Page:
24 in 1 Clock - a Clock Tells Time of All Time Zones. Made From Paper




Introduction: 24 in 1 Clock - a Clock Tells Time of All Time Zones. Made From Paper

About: A Interaction Designer with Industrial Design and EE background. Maker since a kid. Super grateful to new technology and online communities made everything possible!

The world is getting smaller and smaller, you might have a family member or friend that lives in a different time zone. Sometimes it can be confusing what time it is in another side of the earth. So I designed this 24 in 1 clock, that you can see all 24 times at one time.

Step 1: Parts and Tools:


2 x page of 110 lb (199 g/m²), letter sized index paper

1 x clock mechanism ~ $1.5

1 x AA Battery


A pair of scissors

Paper knife



Ruler for cutting and scoring

Step 2: How to Read the Clock

The major innovation of this clock is how to read the hours. Instead of the hour handle, I replaced it with a disc with a red spiral. The front clock face has numbers of slots that matches 24 time zones. So at where the red line meet the slot, you can read the current hour of that time zone.

The minute just works as a normal clock, since all the minutes in 24 time zones are the same :D

Step 3: Print the Patterns

There are 2 options of patterns you can download, the major difference is the clock faces:

1. Full clock face with 24 time zones and cities.

2. Full clock face with 24 time zones with no cities.

Of course you can customize the clock face with only the time zones and cities you care about. An ai file is here so you can use adobe illustrator or Inkscape (free) to edit it. You can also mark the slots where you have family and friends.

Make sure to print it out with 100% scale.

Step 4: Cut and Score the Patterns

Cut all the patterns perimeter and inside cutouts with a knife.

Step 5: Fold the Pieces

1. Fold the two rectangular pieces as holders for the clock front. Use small pieces of tape to hold the folds on the ends.

2. Fold the spacer.

3. Fold the 4 "feet" of the clock face.

4.Fold the minute handle: Make sure to score the center line, fold it, then cut the rest of the white flaps, they are there for easier folding. (You don't have to use this minute handle if you are happy with the one come with the clock mechanism).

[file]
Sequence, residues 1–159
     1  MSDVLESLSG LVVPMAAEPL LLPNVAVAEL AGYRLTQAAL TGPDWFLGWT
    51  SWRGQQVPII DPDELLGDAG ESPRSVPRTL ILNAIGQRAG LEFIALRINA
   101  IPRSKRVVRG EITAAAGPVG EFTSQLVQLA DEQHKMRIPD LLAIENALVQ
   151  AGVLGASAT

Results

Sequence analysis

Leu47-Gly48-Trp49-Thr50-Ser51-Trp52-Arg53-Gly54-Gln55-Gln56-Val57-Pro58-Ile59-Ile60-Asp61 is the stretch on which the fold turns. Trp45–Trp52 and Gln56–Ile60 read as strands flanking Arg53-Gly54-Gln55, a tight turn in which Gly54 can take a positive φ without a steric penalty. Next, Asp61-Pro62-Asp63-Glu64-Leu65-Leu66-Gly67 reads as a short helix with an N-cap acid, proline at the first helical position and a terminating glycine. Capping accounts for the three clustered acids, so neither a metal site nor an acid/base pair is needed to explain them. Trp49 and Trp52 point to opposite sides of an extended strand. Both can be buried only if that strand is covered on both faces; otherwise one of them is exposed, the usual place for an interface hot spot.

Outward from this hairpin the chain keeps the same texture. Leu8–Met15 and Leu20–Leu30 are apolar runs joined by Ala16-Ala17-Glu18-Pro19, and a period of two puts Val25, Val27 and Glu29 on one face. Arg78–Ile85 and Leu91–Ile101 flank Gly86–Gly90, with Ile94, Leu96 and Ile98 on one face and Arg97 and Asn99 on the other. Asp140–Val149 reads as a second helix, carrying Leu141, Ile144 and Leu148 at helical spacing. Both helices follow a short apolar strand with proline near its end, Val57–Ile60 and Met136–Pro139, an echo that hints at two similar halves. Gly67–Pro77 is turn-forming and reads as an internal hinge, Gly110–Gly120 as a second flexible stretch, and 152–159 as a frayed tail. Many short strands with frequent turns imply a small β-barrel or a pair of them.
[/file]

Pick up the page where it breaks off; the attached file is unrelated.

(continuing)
Step 6: Stack Them Up

1. Disassemble the clock mechanism. Make sure to unscrew the nut on the clock screw.

2. Put 2 holder pieces on the clock screw, then secure it with the clock nut.

3. Add the spiral disc on to the hour cylinder of the clock.

4. Add spacer piece.

5. Put the clock face, and tackle the "feet" in the folded slots of the holder.

6. Install minute handle on to the minute cylinder.

7. Add the second handle if you like. In my design, I replaced it with a small disc just to show if the clock is running.

Step 7: Hang the Clock

Wrap the hanger piece around the AA battery, insert it to the clock and it should start ticking.

You can adjust the clock either use the clock knob, or just gently turn the disc.

Hang the clock to your wall with any nail and that's all done!

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Thanks for watching and see you next time!

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    4 years ago

    Am I misunderstanding something? An analog clock has the hour hand rotate 360° every 12 hours... so in order to represent 24 hours you would need to draw a 720 degree spiral not 360.


    Reply 4 years ago

    I had more of think about this. It will never work with a typical clock mechanism. The only way this could possible work is if you have an analog clock mechanism with a 24-hour hour hand. You have divided up the clock face into 24 sections so a typical 12-hour clock will appear to run at double time. I'm shocked you didn't notice the time immediately becoming innaccurate as it would clearly be noticable after just 30 minutes when it displayed that an entire hour had passed.

    Brian M V
    Brian M V

    4 years ago

    really cool and smart design!
    i'll customize it to display the cities/ country i want/ need and skip the 'half-hour-timezones'.
    just a little manual switch indicator for daylightsavingtime and i'll know if i can call my firend/ fam at the other side of the world! as a avid traveller you tend to meet people from all over!


    Reply 4 years ago

    Hi Brian,

    That's exactly the idea! Glad you like it!

    Please show us when you finish!


    Answer 4 years ago

    Thanks! Yes, I realized it during the build, the timezone is actually way more complicated. There are daylight saving time, etc. A device tells 37 time zones with time changes will be quite complicated. This is more practical to tell the times you care about, not all of them, that's why I designed it that you can only cut a couple slots.